Today we have Dr. Mike Duvall of the English department as our guest blogger. He is a blogger in his own right and this post was actually taken from his blog, Duveronymous Yawp.
Originally posted: http://goo.gl/3eE5B
Last fall semester, I experimented with using an iPad (courtesy of TLT @ CofC) to read and mark up some of my students’ writing in a graduate course in a late 19th century American literature and some of the literary texts that I was teaching in a lower-division course covering the same territory.
In the Faculty Technology Institute put on by TLT last May, we tried one or two free PDF readers/annotators for iPad, but I decided to shell out $9.99 for a more fully functional annotation app. A couple of friends and colleagues recommended iAnnotate, and I recommend it as well. There are a number of different markup and navigation tools, it syncs to my Dropbox account, which is very handy, and you can quickly export any marked up PDFs to email or a variety of other applications on your iPad.
At first, I intended to mainly use the iPad to mark up PDFs for my research, which has me reading a number of scanned turn-of-the-20th century novels, but I decided on the spur of the moment at the beginning of the semester to try marking up my graduate students’ annotated bibliographies and summary and response papers.
This worked pretty well. I could easily underline or circle words and phrases or bracket sections of text (anything I ordinarily do on hard copies in pen or pencil) and add marginal commentary as needed, either by “writing” on screen with my finger or stylus or by using the typewriting tool, which allows you to type text. I ended up using both methods of commenting, reserving the latter for more lengthy commentary. You can even paste in commentary using the typewriting tool, something I found myself doing with a standard note on concision in summary writing: I saved text in the Notes app and modified it as needed for each individual paper before pasting it into the student’s document.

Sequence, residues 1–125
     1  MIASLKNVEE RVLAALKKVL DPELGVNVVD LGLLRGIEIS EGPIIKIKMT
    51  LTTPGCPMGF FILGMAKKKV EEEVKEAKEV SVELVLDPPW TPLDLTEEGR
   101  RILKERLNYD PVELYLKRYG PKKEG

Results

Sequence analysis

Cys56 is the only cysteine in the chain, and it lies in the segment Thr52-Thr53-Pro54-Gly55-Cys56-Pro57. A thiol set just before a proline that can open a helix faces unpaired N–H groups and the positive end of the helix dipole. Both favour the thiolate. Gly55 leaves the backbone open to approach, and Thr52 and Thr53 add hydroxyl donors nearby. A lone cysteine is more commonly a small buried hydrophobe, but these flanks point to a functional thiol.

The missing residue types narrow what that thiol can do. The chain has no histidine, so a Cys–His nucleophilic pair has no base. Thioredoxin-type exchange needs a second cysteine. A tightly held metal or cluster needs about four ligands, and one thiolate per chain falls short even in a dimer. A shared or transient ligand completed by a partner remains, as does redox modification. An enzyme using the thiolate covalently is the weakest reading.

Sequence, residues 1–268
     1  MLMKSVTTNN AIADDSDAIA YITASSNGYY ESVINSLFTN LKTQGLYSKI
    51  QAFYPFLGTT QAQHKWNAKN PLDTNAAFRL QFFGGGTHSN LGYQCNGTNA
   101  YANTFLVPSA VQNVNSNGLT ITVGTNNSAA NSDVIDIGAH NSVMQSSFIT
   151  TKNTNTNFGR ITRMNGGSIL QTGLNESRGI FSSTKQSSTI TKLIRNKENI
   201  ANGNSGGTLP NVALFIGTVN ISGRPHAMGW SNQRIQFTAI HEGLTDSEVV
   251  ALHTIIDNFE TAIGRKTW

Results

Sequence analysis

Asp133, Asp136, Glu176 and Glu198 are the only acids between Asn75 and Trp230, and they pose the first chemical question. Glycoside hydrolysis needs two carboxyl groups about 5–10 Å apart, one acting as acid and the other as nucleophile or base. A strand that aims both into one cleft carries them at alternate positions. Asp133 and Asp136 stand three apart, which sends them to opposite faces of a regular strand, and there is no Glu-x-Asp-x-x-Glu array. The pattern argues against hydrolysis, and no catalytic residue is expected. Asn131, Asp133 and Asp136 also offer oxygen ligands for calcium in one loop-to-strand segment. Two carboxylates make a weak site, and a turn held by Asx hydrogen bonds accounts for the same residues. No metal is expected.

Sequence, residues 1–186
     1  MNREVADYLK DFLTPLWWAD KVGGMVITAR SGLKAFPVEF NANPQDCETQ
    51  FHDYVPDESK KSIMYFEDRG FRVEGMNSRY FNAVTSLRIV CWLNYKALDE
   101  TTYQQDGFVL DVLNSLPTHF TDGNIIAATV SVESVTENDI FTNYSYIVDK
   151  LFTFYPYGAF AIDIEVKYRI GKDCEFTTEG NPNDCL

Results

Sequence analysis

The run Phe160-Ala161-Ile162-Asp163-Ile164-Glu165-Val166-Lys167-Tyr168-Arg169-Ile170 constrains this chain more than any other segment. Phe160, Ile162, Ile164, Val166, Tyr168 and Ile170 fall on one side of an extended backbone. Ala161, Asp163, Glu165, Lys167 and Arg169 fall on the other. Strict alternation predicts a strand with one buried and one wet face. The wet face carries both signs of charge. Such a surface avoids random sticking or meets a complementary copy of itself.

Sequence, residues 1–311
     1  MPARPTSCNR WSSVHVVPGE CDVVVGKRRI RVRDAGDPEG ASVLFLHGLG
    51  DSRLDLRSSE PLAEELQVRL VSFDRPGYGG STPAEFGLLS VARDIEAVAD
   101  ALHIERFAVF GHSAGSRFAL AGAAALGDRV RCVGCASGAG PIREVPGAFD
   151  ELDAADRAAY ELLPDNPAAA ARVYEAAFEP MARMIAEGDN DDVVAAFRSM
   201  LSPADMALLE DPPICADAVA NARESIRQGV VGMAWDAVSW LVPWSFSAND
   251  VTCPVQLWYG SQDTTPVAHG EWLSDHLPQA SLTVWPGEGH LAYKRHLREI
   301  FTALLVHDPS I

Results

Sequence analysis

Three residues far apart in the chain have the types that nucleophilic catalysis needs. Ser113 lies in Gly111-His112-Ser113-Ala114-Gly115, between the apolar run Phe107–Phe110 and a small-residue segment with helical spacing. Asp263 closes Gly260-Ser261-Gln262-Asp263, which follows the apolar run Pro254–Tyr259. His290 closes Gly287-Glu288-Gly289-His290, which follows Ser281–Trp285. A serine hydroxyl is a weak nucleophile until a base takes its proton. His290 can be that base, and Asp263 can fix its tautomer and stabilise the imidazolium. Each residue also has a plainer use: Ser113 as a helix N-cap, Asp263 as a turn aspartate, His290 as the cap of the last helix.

I found my onscreen handwriting was not so great (no surprise there: it never has been terribly legible on paper, either), but it got better over time as I got the hang of it. I think I will probably keep using iAnnotate for marking up student writing this semester, though I am not certain that I want to use it for longer writing assignments: we’ll see. (I haven’t provided any sample images of student-paper markup here since I have not secured permission to do so, but the image to the left shows some annotation on a literary text, of which I say more below.) Finally, once I annotated a document, I could easily send students the marked-up copy via email.